CONDO PLAN FOR DIAMOND TOWER
January 27, 2009
THE Diamond District's mysteries are many: There's no explaining why two men were trying to sell persimmons - no other fruit, just persimmons - off a sidewalk table on deserted West 47th Street between Fifth and Sixth avenues on the coldest night of the year.
By comparison, Extell's maneuvers on the Block of Baubles are an open book, even if the book has some pages missing.
The big news is that Gary Barnett's company just filed a condominium-offering plan with state Attorney General Andrew Cuomo's office for its long-awaited Diamond Tower at 44 W. 47th St., where Extell is building the foundation for the 39-story, 900,000- square-foot project.
If the plan is approved, the condos won't be apartments, but diamond-industry facilities including showrooms and offices.
The tower - to be split between jewelry uses on West 47th Street and regular commercial offices on West 46th Street - will have separate entrances on the two streets.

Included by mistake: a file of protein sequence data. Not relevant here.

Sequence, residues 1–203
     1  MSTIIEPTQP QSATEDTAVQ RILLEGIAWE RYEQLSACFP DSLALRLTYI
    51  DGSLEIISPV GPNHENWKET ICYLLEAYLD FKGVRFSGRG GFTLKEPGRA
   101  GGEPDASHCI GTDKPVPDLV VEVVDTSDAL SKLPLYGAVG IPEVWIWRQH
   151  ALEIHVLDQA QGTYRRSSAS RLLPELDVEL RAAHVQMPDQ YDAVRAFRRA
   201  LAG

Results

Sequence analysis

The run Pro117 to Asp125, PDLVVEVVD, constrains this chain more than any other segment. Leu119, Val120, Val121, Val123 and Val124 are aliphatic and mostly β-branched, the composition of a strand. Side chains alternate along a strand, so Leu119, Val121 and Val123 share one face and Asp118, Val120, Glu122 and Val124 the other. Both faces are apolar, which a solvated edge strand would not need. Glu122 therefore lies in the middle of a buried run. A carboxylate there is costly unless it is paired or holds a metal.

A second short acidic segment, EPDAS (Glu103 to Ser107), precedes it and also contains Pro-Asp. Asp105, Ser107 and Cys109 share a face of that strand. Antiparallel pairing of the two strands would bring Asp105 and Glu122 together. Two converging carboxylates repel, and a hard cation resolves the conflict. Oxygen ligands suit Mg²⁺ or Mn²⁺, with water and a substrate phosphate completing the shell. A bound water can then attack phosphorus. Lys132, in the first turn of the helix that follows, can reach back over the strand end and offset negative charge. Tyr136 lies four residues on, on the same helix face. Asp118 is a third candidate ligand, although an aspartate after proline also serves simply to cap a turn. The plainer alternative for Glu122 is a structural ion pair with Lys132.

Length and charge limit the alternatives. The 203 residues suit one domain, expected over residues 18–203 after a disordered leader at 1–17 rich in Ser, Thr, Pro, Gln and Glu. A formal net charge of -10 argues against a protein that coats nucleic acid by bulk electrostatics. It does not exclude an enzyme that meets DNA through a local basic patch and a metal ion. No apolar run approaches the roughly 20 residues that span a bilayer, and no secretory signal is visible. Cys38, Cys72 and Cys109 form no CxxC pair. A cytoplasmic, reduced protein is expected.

Except for some retail units, commercial condominiums are scarce in Manhattan.
Developers would rather own what they build, and most office tenants want the flexibility to expand, contract and change locations that renting affords more easily than ownership.
But for jewelry dealers, condo ownership might make more sense.
Diamond companies' space needs - whether for more or less square footage - don't change as much as at other kinds of firms, and because ownership is traditionally passed from generation to generation, condos lend themselves to the sense of permanence that ownership provides.
Meanwhile, Extell, which was gobbling up properties left and right on the block, is selling at least one of them.
Our deeply embedded gem-world moles report Extell is unloading 30 W. 47th St., two doors east of its tower site. The sale will close next week. The price is unknown, but the buyer appears to be Jemco, the same outfit that owns 31 W. 47th St. across the street.
Extell is shedding the property basically because it never really wanted it. Barnett bought the "Fifth Avenue Jewelers Exchange" building last year for $50.1 million because he needed its air rights for the new tower.
The only way to get the air rights was to buy the whole shebang. Extell kept the air rights but has no use for the building.